Tiotropium bromide is a long-acting inhaled muscarinic antagonist used in patients with chronic respiratory disease. It has been available since 2002 as a single-dose dry powder formulation via the HandiHaler&reg; dry powder inhaler (DPI) device, and since 2007 as the Respimat&reg; SoftMist&trade; Inhaler (SMI). The latter is a novel method of medication delivery that utilizes a multidose aqueous solution to deliver the drug as a fine mist. Potential benefits include more efficient drug deposition throughout the respiratory tract, reduced systemic exposure, and greater ease of use and patient satisfaction compared with the use of HandiHaler DPI. Although tiotropium bromide delivered via the HandiHaler DPI has been clearly shown to improve lung function, dyspnea, and quality of life and to reduce exacerbations in patients with chronic obstructive pulmonary disease (COPD), there is accumulating evidence regarding the use of tiotropium HandiHaler in other respiratory diseases characterized by airflow limitation, such as asthma and cystic fibrosis. Developed more recently, tiotropium delivered via the Respimat SMI appears to have a similar efficacy and safety profile to the HandiHaler DPI, and early data raising the possibility of safety concerns with its use in COPD have been refuted by more recent evidence. The benefits over the HandiHaler DPI, however, remain unclear. This paper will review the evidence for tiotropium delivered via the Respimat SMI inhaler, in particular as an alternative to the HandiHaler DPI, and will focus on the safety profile for each of the chronic lung diseases in which it has been trialed, as well as an approach to appropriate patient selection.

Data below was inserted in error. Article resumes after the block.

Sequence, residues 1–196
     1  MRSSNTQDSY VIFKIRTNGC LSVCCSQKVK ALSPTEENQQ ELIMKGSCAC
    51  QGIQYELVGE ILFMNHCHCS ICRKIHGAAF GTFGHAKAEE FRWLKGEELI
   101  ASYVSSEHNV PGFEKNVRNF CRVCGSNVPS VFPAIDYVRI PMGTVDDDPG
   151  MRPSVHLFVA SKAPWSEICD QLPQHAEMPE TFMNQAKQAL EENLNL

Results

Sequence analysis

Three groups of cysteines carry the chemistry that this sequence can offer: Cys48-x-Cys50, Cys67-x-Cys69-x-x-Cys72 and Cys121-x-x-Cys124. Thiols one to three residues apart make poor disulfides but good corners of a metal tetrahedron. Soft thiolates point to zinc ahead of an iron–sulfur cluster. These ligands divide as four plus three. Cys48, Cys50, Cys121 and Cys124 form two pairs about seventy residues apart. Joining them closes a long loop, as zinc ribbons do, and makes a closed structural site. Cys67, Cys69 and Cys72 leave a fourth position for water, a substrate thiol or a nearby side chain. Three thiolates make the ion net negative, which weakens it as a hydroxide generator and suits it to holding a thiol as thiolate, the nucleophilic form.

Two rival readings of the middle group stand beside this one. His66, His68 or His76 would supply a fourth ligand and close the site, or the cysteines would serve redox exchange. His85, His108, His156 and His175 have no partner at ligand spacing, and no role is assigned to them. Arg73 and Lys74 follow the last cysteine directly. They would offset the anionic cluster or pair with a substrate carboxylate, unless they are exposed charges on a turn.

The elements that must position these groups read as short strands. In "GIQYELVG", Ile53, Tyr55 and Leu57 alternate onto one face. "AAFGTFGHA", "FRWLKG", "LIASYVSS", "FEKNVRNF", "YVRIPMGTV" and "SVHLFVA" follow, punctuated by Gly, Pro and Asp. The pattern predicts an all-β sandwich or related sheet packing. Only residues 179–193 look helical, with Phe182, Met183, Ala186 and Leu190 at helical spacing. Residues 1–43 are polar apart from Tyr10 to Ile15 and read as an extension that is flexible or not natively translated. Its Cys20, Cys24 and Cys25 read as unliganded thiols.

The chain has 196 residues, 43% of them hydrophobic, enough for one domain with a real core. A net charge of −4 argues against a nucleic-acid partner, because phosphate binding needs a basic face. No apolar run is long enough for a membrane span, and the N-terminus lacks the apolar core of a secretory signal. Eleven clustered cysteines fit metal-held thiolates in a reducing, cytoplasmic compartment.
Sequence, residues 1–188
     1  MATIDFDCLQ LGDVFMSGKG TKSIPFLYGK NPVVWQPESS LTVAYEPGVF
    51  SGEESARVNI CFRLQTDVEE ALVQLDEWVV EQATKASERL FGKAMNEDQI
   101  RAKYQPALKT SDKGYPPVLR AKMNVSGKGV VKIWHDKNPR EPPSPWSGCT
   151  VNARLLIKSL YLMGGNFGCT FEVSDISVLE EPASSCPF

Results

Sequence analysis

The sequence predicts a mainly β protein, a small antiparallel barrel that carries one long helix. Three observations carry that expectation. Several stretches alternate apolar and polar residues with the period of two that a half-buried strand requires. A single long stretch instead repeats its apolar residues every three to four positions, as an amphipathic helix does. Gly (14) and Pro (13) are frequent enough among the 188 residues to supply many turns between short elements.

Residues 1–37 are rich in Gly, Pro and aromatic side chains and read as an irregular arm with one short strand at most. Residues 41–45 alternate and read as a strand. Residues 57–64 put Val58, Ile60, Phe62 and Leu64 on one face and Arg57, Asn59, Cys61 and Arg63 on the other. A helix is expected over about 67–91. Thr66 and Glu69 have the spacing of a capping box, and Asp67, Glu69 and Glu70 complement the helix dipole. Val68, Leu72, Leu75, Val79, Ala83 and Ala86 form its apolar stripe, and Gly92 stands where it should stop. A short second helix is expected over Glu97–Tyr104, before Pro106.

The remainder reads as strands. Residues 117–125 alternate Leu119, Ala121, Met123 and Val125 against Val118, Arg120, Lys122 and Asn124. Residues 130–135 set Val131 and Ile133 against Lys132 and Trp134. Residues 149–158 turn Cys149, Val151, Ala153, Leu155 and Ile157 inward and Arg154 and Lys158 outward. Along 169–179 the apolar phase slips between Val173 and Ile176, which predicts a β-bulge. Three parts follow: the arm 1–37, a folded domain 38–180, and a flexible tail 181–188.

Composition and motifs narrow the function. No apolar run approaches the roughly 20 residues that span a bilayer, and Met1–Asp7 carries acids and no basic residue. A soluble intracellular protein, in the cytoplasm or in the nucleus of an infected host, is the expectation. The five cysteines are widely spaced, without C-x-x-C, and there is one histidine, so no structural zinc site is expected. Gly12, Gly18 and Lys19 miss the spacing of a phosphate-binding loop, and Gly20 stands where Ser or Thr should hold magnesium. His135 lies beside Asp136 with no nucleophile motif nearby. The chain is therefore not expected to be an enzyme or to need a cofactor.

No MeSH data available.


Related in: MedlinePlus